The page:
NEW YORK - Sales are booming for silencers, the cylindrical devices used to muffle gunfire.
The civilian market for silencers soared 37% in 2013, when the total number shot up to nearly a half a million, according to the Bureau of Alcohol, Tobacco, Firearms and Explosives registry. That's compared to 360,000 in 2012 and 285,000 in 2011.
Silencers are so popular that there's a nine-month wait to have a registration approved by the ATF, according to Ben Shim, a certified firearms instructor and gun industry analyst with CRT Capital Group in Stamford, Conn.
"People have gone crazy buying guns, but they're done buying them for the time being, so they're buying accessories," Shim said.
Many gun owners rushed to buy assault rifles after the Newtown massacre, fearing that a weapons ban would be enacted. Now, Shim says, those owners are customizing their guns with "a dizzying array of accessories." Add-ons include silencers, flashlights, laser scopes, stocks, pistol grips and rail systems for attaching even more accessories.
"The AR-15 weapons platform is very modular," said Shim, referring to a type of rifle used by the U.S. military. "It's like Barbie for men."
Silencers attach to the end of a gun barrel and can be used with a variety of handguns and rifles. They are more accurately referred to as suppressors, since "the noise of a chambered round being fired is never silent, only suppressed or dampened," said gun industry analyst Brian Rafn of Morgan Dempsey Capital Management in Milwaukee.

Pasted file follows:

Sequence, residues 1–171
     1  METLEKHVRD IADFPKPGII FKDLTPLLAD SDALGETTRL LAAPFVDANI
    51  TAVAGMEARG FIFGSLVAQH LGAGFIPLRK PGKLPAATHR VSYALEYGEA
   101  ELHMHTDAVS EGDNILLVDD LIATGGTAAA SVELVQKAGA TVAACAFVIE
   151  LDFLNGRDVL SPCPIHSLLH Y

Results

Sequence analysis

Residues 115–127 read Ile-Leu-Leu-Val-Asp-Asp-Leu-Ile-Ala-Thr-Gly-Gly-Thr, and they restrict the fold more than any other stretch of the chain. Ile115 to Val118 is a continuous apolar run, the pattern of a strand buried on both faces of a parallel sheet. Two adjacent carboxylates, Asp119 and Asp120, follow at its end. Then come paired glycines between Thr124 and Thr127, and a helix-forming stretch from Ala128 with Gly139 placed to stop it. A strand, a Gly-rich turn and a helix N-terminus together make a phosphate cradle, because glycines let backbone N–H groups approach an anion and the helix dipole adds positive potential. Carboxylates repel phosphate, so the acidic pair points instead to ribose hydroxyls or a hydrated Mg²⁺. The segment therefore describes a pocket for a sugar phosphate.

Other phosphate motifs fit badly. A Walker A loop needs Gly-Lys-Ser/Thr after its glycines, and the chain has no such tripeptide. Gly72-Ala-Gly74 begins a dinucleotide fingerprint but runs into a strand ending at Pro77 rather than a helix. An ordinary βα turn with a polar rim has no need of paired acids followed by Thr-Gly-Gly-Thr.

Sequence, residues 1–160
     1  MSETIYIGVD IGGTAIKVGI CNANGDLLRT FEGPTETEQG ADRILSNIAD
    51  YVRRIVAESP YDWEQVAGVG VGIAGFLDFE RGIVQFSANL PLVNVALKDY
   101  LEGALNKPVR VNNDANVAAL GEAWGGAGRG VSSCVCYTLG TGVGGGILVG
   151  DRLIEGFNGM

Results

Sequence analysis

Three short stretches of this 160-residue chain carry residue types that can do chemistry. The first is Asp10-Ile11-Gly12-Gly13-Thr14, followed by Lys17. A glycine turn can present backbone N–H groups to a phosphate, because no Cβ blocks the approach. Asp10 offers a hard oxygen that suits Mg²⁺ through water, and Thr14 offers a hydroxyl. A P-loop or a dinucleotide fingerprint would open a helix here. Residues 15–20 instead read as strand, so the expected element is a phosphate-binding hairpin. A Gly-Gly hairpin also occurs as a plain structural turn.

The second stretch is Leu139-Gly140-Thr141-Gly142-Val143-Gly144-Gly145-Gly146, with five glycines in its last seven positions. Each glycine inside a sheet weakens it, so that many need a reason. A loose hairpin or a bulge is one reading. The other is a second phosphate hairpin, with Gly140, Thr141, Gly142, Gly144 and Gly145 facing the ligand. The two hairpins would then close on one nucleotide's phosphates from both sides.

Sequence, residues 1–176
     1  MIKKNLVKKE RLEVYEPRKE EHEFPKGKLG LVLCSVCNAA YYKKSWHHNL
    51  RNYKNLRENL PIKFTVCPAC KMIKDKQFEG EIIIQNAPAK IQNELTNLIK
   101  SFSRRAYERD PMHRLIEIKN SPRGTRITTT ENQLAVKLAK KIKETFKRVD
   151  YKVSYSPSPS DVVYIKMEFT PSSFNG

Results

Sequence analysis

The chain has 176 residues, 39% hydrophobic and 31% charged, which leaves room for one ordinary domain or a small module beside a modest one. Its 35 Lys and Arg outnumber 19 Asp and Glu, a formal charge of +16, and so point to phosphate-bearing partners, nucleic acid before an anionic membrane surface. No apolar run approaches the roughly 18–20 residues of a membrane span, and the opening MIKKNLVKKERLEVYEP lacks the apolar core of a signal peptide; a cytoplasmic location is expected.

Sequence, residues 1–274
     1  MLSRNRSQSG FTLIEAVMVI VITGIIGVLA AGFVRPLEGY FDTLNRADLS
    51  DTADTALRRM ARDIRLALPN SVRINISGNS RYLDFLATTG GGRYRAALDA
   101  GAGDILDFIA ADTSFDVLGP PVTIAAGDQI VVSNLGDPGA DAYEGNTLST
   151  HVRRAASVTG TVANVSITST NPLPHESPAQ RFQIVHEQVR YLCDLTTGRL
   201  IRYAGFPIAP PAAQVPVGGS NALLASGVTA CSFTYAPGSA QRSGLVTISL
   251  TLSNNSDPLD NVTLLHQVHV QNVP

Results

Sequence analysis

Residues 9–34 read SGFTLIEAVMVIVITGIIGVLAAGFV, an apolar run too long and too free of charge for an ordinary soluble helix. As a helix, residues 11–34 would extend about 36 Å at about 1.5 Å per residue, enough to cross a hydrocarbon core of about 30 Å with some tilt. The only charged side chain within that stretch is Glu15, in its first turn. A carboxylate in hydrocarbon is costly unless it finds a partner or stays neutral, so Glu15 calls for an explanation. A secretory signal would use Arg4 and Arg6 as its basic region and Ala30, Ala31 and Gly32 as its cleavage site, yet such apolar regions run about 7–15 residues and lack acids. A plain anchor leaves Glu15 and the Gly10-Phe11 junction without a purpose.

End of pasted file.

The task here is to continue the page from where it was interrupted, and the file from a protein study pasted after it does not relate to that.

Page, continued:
The popularity of suppressors is driven in part by the value they offer to hunters, said Rafn, because they "give the hunter multiple shots without frightening the game."
ATF special agent Tim Graden said that silencers are categorized as firearms by the federal government, even though the silencer itself can't fire a bullet. The basic background check for most guns requires the purchaser to present a photo ID to the retailer and electronically submit a form to the ATF. Approval usually takes about 20 minutes. But purchasing a silencer requires the applicant to mail or Fax a photo and fingerprints to the ATF and to pay a $200 tax, with the approval process taking nine or 10 months.
That's because silencers are regulated by the National Firearms Act, which was passed in 1934 in response to gang violence, according to the ATF. But they're still legal in 39 states, including 29 states where they're permitted for hunting, according to the American Silencer Association.
"Most people just don't know you can buy one," said Jason Schauble, chief finance officer for SilencerCo in West Valley City, Utah. "We have a whole campaign called 'silencers are legal'."
Advanced Armament Corp. of Lawrenceville, Ga., uses the slogan "Silencing is not a crime."
Suppressors are so expensive that they can cost more than the guns they're attached to. SilencerCo sells its least expensive suppressor, the Harvester for hunting rifles, for $750. Its most expensive suppressor, the Saker, goes for $1,300.
Suppressors are for "the graduate-level gun buyer," said Schauble, a veteran of the Iraq war and the former Chief Executive Officer of TrackingPoint, a Texas-based maker of smartscope rifles that cost more than $20,000.
"I owned 50 guns before I bought my first silencer," he said.